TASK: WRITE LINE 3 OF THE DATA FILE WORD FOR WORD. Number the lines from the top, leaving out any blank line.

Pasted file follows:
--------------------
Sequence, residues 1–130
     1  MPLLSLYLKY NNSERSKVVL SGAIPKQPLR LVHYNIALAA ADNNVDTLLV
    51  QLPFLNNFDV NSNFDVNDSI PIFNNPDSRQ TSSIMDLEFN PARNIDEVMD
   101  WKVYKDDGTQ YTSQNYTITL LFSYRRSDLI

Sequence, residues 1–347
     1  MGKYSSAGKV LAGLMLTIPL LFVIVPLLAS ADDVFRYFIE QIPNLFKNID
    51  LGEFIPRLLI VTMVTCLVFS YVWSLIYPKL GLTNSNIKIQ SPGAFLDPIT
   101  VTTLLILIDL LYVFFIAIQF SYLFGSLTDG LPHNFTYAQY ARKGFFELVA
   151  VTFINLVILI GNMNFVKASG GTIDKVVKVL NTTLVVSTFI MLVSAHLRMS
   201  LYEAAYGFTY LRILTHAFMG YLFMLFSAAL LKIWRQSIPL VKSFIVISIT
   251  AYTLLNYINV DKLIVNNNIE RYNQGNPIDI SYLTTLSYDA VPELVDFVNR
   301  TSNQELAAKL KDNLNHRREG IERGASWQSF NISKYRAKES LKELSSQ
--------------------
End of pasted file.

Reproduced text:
    51  QLPFLNNFDV NSNFDVNDSI PIFNNPDSRQ TSSIMDLEFN PARNIDEVMD